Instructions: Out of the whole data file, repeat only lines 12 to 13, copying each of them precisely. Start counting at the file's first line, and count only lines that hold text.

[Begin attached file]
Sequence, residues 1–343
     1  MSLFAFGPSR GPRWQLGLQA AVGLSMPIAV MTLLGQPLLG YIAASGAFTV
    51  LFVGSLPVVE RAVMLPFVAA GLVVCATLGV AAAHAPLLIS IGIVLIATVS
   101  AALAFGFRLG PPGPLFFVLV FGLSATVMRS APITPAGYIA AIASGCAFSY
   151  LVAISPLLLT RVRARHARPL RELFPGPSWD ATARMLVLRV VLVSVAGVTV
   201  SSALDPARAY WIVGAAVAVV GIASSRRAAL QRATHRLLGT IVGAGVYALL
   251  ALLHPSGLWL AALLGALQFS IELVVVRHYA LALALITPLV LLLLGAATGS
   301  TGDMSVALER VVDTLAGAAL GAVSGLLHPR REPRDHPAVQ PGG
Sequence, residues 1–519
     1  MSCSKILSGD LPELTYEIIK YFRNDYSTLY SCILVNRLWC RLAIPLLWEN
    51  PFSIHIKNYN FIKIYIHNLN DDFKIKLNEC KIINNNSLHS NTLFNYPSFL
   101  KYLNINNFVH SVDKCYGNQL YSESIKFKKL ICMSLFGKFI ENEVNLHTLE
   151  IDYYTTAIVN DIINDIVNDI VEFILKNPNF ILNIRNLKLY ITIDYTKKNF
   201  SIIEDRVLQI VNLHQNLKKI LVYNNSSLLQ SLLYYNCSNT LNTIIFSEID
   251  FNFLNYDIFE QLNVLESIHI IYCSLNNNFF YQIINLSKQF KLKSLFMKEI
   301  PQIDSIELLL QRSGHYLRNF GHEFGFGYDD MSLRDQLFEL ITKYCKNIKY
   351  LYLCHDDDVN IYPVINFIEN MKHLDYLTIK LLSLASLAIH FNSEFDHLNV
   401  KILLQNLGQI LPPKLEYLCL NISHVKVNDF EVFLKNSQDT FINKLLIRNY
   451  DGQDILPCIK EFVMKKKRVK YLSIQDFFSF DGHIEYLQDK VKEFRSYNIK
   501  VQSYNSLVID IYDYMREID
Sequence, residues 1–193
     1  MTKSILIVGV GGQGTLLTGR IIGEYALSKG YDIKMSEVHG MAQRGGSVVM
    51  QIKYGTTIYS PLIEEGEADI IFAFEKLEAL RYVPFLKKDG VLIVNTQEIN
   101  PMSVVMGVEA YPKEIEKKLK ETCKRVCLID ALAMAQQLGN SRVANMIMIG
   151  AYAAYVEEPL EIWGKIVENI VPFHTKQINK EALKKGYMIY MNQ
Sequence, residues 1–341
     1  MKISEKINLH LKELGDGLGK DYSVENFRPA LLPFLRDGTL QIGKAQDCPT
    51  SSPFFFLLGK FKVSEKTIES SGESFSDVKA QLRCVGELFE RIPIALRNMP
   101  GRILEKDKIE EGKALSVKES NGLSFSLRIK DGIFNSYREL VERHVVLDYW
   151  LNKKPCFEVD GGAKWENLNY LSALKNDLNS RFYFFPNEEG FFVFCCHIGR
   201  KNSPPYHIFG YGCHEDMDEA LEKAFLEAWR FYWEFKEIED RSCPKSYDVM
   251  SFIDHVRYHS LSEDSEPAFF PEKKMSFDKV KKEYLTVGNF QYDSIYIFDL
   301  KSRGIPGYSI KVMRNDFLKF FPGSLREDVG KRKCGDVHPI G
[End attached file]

   101  KYLNINNFVH SVDKCYGNQL YSESIKFKKL ICMSLFGKFI ENEVNLHTLE
   151  IDYYTTAIVN DIINDIVNDI VEFILKNPNF ILNIRNLKLY ITIDYTKKNF